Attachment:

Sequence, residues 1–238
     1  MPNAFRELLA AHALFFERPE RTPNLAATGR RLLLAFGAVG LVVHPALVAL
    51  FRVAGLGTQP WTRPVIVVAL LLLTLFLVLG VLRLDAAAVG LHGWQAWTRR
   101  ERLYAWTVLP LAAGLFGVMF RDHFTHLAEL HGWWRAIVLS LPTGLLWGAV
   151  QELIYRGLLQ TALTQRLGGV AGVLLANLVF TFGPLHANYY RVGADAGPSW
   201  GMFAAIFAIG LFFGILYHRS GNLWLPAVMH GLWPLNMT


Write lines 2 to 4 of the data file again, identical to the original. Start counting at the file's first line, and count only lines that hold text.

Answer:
     1  MPNAFRELLA AHALFFERPE RTPNLAATGR RLLLAFGAVG LVVHPALVAL
    51  FRVAGLGTQP WTRPVIVVAL LLLTLFLVLG VLRLDAAAVG LHGWQAWTRR
   101  ERLYAWTVLP LAAGLFGVMF RDHFTHLAEL HGWWRAIVLS LPTGLLWGAV